Last, I work to develop clients’ self-regulation skills to create a safe container for both of us. This might involve a five-minute body check-in at the start of a session, followed by 5 to 10 minutes of evaluating what strategies worked (or didn’t work) for them, then skill-building exercises involving expressive arts, worksheets, or a grounding practice. To solidify our work together, I also make sure clients know how to do these exercises at home.
Thanks to these strategies, I find that when I work with clients who may trigger me, I’m more prepared, less attached to their pain, and, together, we’re more resilient.
Tiffany Caicco, MA, RP, DVATI
4) Helping Ourselves Helps Our Clients
As an EMDR specialist, I believe the path we take our clients on to explore a troubling memory starts with the question, “What image or picture represents the worst of it?” When we hold a distressing image in our mind, our body starts to react by activating our stress response system. We may experience emotions, such as fear or sadness, as well as physical reactions, like tight muscles or shortness of breath.
Not long into my work, after many stressful sessions that left me feeling emotionally and physically exhausted, I realized that I often visualized the events my clients described to me, and it was taking a toll. To remedy this, I learned to catch myself when I’d start visualizing, and instead, I’d take a deep breath and try to relax the muscles in my body, while continuing to pay attention to the client in front of me. I’d follow their words to understand what happened, while looking for signs that their nervous system was getting activated, such as tight fists or shaking legs. When I’m present for my clients by regulating my own nervous system, I’m helping regulate theirs, too.
If I happen to miss an opportunity to stay fully regulated and find the impact of the stories I hear is affecting me at the end of the day, I often use a brief version of self-care EMDR, developed by Marilyn Luber. It’s helped me manage general stress from this work and prevent burnout. I learned from practicing this method that EMDR almost always ends with acceptance and resourcefulness.
I think this client could greatly benefit from EMDR. I might help her accept that while the accident was horrific, she ultimately found safety because she got help and took steps to heal from it. I believe the drive to heal and discover resources is natural and inherent, meaning that with the right support, we all can walk the path to recovery.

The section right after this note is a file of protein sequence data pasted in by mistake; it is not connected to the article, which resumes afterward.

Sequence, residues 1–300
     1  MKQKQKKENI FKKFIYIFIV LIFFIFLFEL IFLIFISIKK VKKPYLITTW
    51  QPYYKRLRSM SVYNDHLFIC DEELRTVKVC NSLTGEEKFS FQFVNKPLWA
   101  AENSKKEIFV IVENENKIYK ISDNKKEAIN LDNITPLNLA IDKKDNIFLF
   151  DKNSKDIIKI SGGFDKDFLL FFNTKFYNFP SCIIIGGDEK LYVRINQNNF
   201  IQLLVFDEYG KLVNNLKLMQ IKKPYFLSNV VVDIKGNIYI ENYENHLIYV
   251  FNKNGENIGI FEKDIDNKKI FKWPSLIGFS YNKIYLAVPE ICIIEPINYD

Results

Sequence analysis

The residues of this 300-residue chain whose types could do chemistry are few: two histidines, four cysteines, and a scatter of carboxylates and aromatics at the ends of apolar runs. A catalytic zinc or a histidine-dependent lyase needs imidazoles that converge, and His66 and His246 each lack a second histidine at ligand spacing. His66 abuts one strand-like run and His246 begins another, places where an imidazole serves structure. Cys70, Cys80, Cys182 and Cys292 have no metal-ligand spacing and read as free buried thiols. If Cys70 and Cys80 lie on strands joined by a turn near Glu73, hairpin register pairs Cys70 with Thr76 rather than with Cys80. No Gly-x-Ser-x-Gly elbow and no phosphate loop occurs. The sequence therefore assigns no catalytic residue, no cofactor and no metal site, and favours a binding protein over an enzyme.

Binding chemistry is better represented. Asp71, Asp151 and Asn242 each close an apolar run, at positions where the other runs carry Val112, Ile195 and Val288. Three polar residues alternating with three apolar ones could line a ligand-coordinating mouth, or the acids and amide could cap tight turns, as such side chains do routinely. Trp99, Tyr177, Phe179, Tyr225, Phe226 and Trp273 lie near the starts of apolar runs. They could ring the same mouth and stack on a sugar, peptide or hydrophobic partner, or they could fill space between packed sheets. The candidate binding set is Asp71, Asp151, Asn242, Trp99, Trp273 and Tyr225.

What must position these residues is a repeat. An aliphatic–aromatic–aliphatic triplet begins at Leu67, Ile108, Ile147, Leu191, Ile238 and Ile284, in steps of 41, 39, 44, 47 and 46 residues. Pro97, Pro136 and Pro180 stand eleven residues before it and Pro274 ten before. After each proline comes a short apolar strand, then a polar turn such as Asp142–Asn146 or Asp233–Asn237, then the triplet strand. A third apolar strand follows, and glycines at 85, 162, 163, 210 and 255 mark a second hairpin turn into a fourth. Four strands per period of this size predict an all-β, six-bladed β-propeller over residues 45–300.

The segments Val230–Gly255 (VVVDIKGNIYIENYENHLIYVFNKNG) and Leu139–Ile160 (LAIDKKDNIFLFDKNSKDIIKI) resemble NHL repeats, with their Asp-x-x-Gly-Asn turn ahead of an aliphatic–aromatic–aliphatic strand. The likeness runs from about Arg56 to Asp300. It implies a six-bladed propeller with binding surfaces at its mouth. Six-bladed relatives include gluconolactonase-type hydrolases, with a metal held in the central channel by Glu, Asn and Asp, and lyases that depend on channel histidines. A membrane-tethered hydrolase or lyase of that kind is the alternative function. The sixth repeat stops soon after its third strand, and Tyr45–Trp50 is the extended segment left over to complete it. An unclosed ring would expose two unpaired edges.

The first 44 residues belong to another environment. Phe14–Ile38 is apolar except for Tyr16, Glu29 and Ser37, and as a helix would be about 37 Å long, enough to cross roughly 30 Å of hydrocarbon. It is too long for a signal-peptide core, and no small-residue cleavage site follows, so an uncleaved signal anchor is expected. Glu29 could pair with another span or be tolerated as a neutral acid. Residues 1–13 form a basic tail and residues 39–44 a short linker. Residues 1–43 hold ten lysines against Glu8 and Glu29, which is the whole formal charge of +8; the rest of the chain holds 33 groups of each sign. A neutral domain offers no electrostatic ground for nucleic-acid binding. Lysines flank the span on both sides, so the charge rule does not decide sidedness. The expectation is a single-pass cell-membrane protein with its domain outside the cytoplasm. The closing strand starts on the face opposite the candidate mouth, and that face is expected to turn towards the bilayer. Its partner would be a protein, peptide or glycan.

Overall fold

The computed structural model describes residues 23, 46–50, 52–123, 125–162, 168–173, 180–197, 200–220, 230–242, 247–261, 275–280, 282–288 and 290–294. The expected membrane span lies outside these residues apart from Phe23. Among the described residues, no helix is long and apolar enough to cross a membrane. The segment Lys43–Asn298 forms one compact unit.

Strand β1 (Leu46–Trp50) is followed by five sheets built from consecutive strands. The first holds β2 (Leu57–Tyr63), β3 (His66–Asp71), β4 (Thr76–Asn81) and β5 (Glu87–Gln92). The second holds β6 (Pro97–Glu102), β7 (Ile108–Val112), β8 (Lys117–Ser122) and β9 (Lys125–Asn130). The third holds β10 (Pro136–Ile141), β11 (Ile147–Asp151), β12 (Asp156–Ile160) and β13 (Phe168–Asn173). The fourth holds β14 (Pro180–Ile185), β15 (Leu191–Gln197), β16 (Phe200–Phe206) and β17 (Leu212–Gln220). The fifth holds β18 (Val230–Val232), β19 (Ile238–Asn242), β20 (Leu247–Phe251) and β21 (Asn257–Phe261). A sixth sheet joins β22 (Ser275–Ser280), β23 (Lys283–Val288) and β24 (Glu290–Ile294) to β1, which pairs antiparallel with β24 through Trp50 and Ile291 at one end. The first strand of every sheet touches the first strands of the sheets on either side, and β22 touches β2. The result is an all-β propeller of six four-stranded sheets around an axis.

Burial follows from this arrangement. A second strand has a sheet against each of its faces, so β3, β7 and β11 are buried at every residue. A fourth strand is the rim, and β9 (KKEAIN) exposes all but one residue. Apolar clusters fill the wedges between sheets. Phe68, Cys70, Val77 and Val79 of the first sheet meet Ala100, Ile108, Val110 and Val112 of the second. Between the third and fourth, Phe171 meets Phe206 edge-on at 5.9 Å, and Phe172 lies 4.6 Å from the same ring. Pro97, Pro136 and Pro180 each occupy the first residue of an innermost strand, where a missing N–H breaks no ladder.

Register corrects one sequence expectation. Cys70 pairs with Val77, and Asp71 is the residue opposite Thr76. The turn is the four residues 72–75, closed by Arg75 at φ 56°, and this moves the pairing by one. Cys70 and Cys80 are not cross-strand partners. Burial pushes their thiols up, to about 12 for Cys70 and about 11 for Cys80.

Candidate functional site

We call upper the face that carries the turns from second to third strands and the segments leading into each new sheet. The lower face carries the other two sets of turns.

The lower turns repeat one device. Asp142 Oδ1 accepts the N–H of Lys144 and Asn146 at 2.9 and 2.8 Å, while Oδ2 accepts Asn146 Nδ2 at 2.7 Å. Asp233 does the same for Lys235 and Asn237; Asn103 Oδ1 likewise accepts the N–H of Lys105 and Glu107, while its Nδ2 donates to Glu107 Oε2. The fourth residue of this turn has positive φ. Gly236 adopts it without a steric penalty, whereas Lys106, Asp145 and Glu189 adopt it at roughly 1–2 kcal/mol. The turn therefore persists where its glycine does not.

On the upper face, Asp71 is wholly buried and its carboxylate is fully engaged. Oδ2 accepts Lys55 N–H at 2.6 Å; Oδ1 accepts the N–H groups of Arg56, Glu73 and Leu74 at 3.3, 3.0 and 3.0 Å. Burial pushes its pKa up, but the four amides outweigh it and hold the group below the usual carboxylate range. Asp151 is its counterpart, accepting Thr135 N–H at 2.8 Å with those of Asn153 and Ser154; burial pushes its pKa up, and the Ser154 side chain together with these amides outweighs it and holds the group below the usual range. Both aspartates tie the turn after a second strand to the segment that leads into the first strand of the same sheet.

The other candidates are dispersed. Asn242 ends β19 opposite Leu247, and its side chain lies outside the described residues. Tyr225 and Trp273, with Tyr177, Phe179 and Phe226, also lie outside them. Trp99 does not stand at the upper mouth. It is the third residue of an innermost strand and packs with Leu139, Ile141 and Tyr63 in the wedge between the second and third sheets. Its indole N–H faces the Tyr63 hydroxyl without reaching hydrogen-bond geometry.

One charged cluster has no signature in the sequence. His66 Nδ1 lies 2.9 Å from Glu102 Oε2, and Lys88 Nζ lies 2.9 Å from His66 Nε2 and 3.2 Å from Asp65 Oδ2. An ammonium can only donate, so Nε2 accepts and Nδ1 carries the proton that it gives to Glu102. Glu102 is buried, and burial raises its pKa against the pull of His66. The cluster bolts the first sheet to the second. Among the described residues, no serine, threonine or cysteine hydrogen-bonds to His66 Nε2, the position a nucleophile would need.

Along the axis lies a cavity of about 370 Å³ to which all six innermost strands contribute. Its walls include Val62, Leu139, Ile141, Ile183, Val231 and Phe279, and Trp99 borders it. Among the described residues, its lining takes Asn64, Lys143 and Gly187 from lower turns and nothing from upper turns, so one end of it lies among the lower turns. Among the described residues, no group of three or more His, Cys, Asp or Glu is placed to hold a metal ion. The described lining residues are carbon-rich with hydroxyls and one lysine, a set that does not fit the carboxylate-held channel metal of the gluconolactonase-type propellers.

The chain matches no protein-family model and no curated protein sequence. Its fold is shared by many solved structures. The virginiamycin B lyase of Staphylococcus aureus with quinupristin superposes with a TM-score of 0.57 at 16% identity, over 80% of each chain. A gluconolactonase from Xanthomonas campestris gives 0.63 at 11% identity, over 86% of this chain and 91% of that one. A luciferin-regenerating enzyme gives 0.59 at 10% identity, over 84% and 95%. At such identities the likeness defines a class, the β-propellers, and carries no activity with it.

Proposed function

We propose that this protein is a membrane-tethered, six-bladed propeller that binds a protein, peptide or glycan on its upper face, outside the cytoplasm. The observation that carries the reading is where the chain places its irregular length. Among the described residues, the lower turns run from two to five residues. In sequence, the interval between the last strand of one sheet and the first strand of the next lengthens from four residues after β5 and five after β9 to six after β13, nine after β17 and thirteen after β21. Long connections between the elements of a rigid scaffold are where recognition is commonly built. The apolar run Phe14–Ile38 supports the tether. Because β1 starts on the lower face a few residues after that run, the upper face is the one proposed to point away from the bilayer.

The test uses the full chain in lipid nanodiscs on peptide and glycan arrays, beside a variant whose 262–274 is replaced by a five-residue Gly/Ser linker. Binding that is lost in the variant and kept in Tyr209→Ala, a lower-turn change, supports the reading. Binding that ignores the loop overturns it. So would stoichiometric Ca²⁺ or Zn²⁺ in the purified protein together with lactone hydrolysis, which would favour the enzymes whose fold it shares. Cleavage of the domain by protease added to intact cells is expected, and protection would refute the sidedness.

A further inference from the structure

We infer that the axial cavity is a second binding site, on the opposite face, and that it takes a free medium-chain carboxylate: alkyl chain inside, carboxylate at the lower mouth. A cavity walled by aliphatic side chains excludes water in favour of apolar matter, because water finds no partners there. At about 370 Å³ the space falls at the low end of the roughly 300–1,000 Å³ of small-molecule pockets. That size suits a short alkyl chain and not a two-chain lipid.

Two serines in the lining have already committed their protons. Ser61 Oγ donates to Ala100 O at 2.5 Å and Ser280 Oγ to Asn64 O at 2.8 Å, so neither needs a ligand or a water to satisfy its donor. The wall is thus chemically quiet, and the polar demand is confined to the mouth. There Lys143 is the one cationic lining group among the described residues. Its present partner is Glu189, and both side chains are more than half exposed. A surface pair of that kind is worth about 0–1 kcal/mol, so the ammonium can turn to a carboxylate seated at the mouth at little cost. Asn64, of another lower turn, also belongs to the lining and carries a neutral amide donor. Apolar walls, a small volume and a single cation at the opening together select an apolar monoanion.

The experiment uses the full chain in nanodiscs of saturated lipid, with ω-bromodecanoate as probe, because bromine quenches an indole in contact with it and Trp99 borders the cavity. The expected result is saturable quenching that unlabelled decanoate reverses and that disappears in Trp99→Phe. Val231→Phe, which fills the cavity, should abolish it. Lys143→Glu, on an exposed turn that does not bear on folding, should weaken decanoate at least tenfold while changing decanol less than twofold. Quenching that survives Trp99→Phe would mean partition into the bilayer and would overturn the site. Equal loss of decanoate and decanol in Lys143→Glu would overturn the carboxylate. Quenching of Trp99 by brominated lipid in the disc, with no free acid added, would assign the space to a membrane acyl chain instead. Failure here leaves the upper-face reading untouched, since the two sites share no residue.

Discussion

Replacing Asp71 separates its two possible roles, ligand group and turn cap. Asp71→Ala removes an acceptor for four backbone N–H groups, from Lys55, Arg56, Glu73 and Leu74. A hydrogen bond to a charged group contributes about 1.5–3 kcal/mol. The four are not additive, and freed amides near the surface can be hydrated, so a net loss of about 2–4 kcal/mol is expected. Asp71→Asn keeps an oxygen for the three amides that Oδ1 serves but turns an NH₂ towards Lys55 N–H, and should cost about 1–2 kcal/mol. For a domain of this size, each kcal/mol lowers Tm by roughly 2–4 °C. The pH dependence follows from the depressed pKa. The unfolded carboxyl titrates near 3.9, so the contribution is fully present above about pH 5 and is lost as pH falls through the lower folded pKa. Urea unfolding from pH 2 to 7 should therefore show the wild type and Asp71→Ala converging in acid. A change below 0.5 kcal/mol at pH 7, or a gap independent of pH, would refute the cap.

Kyungah Kim, LPC
Greenwood Village, Colorado
5) Get Your Body Moving
Meditation is the royal road to dealing with the vicarious trauma this therapist describes, as
well as the client’s symptoms.
Our body’s response to trauma—both this client’s car crash and her therapist’s reaction to sessions—includes two basic physiological responses, fight-or-flight and freeze. The fight-or-flight and freeze responses can be life-saving and are meant to be quickly turned on and off. Problems come when they persist, as they have with this client after her car crash, and as they do in this therapist after sessions with her. Fight-or-flight is manifesting as the anxiety, the distress described, while freeze is a likely source of the therapist’s exhaustion.
You don’t need to “protect” yourself from your client’s trauma but, rather, free yourself from it. Let it go. Slow, deep breathing for 5 to 10 minutes, in through your nose and out through your mouth, with your belly soft and relaxed, is the antidote to the fight-or-flight response. It will help you let go of the stressful, therapeutic hour and the thoughts and feelings that go with it, and bring you, more relaxed, into the present moment.
Shaking and dancing is another remedy. Standing up and shaking from your knees through your hips, shoulders, and head, then relaxing for a minute or two, then allowing your body to move freely to music that inspires you will energize your frozen, exhausted body and help you release painful feelings
about your session.
As this therapist does soft belly breathing and shakes and dances, he’ll be acting on his own behalf to resolve his vicarious trauma, and this experience will likely make him want to use these techniques in his work with his client.
In addition to counteracting the physiological effects of trauma, these two meditation techniques—soft belly is a “concentrative” meditation and shaking and dancing an “expressive” one—can give the client a much needed, more relaxed perspective on the traumatic memories that may continue to disturb her. They also provide the physiological balance which will make it easier for her to connect with her therapist, and others who may be helpful.
You can learn more about these and other trauma-healing techniques—and check out the scientific evidence for them—in my most recent book, The Transformation: Discovering Wholeness and Healing After Trauma.
James Gordon, MD
We'll post a new response to each Clinician's Quandary on the first Tuesday of every month! See how to submit to next month's Quandary here.
January Quandary: I’m seeing a couple in which one partner is clearly disengaged in therapy. She shows up and says she’s interested in improving the relationship, but it seems obvious that she’s not willing to put in the work. Even in an individual session with her, in which I shared this observation, she maintained her stance. I’m at a loss for how to help them. What should I do? Has anything specific worked for other therapists in this position?
Tags: chris lyford | Clinician's Quandary | complex trauma | emdr | emdr therapy | Mindfulness | Mindfulness Exercises | mindfulness techniques | post-traumatic stress disorder ptsd | self-care | self-compassion | therapy for trauma | Trauma | trauma and recovery | trauma therapist | trauma treatment | Traumatic memory | vicarious trauma